How history is being unearthed and rewritten by metal detectorists with a deep understanding of the past
PUBLISHED: 20:00 29 August 2019 | UPDATED: 07:49 30 August 2019
A piece of Viking silver discovered in a Norfolk field made it into a major exhibition with hours to spare. It is just one example of how metal detectorists are helping historians understand our past.
Almost every day the earth beneath Norfolk gives up long-buried secrets. And the time after harvest and before planting is peak archaeological find time.
Norfolk is the national capital of metal-detector finds, with thousands reported every year. Some fill in previously blank areas of the region's history - or redraw the picture entirely.
Andy Carter, of Norwich, has been metal detecting for more than 20 years. It began when he read a magazine article. "I was amazed at the kinds of things people seemed to be digging up all over the country," he said. "I persuaded a work colleague to go halves on buying a second hand metal detector, and we obtained permission to detect on a farm owned by a friend of mine, in mid-Norfolk."
Since then he has found weapons, coins, jewellery - and many thousands of pieces of virtually worthless metal scraps, often from fastenings on Victorian cotton clothing which was once shredded and used to fertilise fields.
But in 2001 he unearthed a Bronze Age hoard which had lain undisturbed for almost 3,000 years. "There were axe heads, spear heads, woodworking tools, knives, and fragments of sword blade," said Andy, who is now retired from his career as a scientist at the Institute for Food Research, where he specialised in the molecular biology of the genes which produce the world's most deadly natural toxin, botulinum.
"Another favourite of my finds, which also happened to have some intrinsic value (usually quite a rare occurrence!) was a gold ring which dated to the 1490s, the reign of Henry VII. It was covered with decoration on the outside; Tudor roses and lilies (a symbol for the Virgin Mary) but on the inside, inscribed in Gothic black lettering, were the Old French words 'Nul Auter' (none other). This ring, being more than 10% precious metal and greater than 300 years old, passed through the Treasure Act system, and is now in the Castle Museum."
Andy is a member of the East Norfolk Metal Detecting Society which meets in Lingwood every month. Detectorists must always get permission from landowners and Andy said: "One of our club rules is that we expect all members to voluntarily record their finds with the museum, via the Portable Antiquities Scheme. The database finds.org.uk is maintained by the British Museum. In practice, what happens is that if an item is over 300 years old, the archaeologists who attend our meetings take it away for recording. (Finds under 300 years old are deemed too modern - don't tell the Americans!)" said Andy. "They return it, with a report on its identification, the following month.
"The outcome of this system, and probably the main reason why I love the hobby so much, is that a properly identified and recorded object is permanently connected with a particular place. So even though the item is no longer present, the historical record is intact. Future discoveries in the same area can then be linked to the known record, and any significant clusters of similar finds can then be identified."
Most finds are from ploughed soil and even if their immediate context has been lost they can still provide vital information. Andy particularly loves Saxon finds. "Metal finds from this period are very rare, especially the coins, so when these do surface it is a red letter day," he said. "My favourite Saxon coins represent the first ones used in this country since the Romans left, 250 years earlier, in 410AD. These are tiny silver coins called sceats, or sceatta, and one of the most interesting aspects of their design is that many of them carry symbols of both the pagan and Christian religions, since they were struck at a time when conversion to Christianity was an ongoing process. So typically you might have a coin with pagan runes on one side, and Christian crosses on the other."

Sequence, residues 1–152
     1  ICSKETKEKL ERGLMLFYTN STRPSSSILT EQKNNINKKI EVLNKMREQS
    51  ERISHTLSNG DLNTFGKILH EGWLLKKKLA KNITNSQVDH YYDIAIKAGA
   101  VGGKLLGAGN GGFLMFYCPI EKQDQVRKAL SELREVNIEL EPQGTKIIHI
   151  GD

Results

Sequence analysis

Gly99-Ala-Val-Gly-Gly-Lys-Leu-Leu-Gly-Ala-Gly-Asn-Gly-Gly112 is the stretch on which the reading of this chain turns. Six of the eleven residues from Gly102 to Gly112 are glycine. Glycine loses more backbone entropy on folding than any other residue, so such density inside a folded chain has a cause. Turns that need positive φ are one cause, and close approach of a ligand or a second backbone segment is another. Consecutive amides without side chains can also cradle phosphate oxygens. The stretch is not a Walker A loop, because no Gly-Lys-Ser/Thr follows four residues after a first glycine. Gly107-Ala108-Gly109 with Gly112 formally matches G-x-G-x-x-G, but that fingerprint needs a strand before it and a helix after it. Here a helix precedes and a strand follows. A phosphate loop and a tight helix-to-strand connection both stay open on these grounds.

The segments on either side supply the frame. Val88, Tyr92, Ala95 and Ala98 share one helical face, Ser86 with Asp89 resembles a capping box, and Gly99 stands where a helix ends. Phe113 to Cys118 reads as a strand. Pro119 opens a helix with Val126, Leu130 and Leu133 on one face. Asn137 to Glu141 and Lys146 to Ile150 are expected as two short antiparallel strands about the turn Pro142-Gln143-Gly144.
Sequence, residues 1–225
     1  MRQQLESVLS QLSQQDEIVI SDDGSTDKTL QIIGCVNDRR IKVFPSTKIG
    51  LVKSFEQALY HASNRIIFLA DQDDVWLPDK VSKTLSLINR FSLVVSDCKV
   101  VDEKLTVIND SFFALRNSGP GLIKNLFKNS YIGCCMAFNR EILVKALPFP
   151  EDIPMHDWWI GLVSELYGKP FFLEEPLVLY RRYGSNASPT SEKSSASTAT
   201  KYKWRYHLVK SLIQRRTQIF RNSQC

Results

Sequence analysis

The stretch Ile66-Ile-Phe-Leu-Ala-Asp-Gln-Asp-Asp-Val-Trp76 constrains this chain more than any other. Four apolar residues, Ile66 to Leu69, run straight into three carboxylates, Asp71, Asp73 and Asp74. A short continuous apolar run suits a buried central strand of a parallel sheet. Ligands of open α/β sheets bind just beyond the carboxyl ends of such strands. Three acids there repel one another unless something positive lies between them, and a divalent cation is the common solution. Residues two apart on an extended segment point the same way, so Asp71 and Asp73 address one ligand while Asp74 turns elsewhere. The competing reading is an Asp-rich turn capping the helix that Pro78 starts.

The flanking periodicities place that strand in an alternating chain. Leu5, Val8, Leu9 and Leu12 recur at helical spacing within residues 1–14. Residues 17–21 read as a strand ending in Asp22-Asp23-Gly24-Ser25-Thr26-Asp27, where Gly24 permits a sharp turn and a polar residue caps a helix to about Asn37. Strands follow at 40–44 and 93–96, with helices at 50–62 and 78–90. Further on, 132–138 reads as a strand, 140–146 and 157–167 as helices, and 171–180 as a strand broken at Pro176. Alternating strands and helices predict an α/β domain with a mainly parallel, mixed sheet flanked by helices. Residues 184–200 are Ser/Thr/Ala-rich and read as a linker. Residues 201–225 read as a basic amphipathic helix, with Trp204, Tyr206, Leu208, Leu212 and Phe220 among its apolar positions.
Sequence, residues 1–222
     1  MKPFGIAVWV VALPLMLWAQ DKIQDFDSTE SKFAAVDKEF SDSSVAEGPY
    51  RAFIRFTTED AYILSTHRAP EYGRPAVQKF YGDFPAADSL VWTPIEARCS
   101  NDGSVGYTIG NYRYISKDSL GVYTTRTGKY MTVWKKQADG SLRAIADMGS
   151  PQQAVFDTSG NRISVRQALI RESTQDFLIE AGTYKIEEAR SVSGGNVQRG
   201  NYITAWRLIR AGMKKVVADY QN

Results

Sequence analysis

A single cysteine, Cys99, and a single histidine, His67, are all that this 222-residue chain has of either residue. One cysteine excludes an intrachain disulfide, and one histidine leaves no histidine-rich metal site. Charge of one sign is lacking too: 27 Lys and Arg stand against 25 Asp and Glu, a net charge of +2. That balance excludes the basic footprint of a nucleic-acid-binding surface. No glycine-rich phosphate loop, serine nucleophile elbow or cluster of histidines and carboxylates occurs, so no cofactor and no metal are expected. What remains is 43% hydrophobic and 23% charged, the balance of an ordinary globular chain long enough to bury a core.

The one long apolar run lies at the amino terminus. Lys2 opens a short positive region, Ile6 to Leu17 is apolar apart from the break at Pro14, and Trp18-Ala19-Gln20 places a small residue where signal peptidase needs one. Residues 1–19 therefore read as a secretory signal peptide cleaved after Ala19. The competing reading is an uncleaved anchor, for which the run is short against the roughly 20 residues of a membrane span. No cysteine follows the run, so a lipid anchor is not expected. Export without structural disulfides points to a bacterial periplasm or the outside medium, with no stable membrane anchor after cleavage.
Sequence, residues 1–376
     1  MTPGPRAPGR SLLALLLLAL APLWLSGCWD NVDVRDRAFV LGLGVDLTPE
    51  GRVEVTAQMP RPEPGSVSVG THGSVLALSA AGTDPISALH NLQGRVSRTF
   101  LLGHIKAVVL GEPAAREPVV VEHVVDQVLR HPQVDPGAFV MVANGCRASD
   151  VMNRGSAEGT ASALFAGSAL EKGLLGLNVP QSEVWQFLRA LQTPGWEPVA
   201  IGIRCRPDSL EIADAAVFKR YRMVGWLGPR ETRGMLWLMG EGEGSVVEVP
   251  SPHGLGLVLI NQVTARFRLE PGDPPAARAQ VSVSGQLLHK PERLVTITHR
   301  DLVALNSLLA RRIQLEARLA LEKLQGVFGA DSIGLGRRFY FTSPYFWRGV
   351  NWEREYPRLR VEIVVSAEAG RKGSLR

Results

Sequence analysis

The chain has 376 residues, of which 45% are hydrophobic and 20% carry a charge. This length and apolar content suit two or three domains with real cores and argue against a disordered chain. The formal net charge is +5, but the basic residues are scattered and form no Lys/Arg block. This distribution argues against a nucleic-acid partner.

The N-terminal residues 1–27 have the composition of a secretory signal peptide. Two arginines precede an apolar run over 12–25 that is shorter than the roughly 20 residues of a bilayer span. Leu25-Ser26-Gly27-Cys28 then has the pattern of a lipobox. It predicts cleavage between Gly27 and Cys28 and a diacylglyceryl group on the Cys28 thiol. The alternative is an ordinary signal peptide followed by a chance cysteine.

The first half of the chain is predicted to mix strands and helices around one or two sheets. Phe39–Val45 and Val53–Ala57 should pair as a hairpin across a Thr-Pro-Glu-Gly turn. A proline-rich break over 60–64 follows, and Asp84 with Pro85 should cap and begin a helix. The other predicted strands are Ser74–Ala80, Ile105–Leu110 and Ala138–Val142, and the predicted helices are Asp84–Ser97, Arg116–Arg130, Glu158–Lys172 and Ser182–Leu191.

Viking: Rediscover the Legend, at Norwich Castle, has been revealing some of the wonders of the Saxon and Viking age to visitors. It includes some of the most recent finds made in Norfolk. The story they help tell of how people lived and died in the Viking era, is still unfolding. Even in the seven months the exhibition has been running, more clues about the East Anglian age of the Viking have been unearthed.
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"I am proud to have one of my finds included," said Andy. This time last year it was still lying beneath a mid-Norfolk field - and only made it into the exhibition with hours to spare.
The silver strap end would have decorated the belt of a wealthy woman in the 8th or 9th century. It was probably looted from the continent by Vikings and brought to Norfolk, then under Viking control, as booty. It would normally have gone through the Treasure Act system, with Andy and the landowner sharing any reward eventually made. But they agreed to forgo the money, and the time-consuming process, and donate it to Norwich Castle - allowing it to become part of the current Viking exhibition, with just four hours to spare before the opening.
Tim Pestell, senior curator of archaeology at Norfolk Museums Service and author of Viking East Anglia, said Norfolk had more finds, and more treasure cases, than anywhere else in the country. He paid tribute to the members of Norfolk's six metal detecting clubs, saying: "They are telling us things we would never know, and finding things we would never be looking for."
MORE: Where to find Vikings in Norfolk
Viking: Rediscover the Legend is at Norwich Castle until September 8. Exhibition and activities free with normal Castle admission.
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